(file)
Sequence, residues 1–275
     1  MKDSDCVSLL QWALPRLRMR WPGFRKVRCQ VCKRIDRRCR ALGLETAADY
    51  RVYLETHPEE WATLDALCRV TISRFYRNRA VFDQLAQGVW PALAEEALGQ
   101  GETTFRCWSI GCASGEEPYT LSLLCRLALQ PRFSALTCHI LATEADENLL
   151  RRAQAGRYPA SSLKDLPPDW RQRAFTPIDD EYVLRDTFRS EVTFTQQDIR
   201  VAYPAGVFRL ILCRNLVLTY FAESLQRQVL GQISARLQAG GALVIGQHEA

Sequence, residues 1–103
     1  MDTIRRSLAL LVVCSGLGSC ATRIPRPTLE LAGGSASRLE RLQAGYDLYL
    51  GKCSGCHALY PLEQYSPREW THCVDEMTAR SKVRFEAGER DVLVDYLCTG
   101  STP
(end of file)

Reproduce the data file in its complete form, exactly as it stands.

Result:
Sequence, residues 1–275
     1  MKDSDCVSLL QWALPRLRMR WPGFRKVRCQ VCKRIDRRCR ALGLETAADY
    51  RVYLETHPEE WATLDALCRV TISRFYRNRA VFDQLAQGVW PALAEEALGQ
   101  GETTFRCWSI GCASGEEPYT LSLLCRLALQ PRFSALTCHI LATEADENLL
   151  RRAQAGRYPA SSLKDLPPDW RQRAFTPIDD EYVLRDTFRS EVTFTQQDIR
   201  VAYPAGVFRL ILCRNLVLTY FAESLQRQVL GQISARLQAG GALVIGQHEA

Sequence, residues 1–103
     1  MDTIRRSLAL LVVCSGLGSC ATRIPRPTLE LAGGSASRLE RLQAGYDLYL
    51  GKCSGCHALY PLEQYSPREW THCVDEMTAR SKVRFEAGER DVLVDYLCTG
   101  STP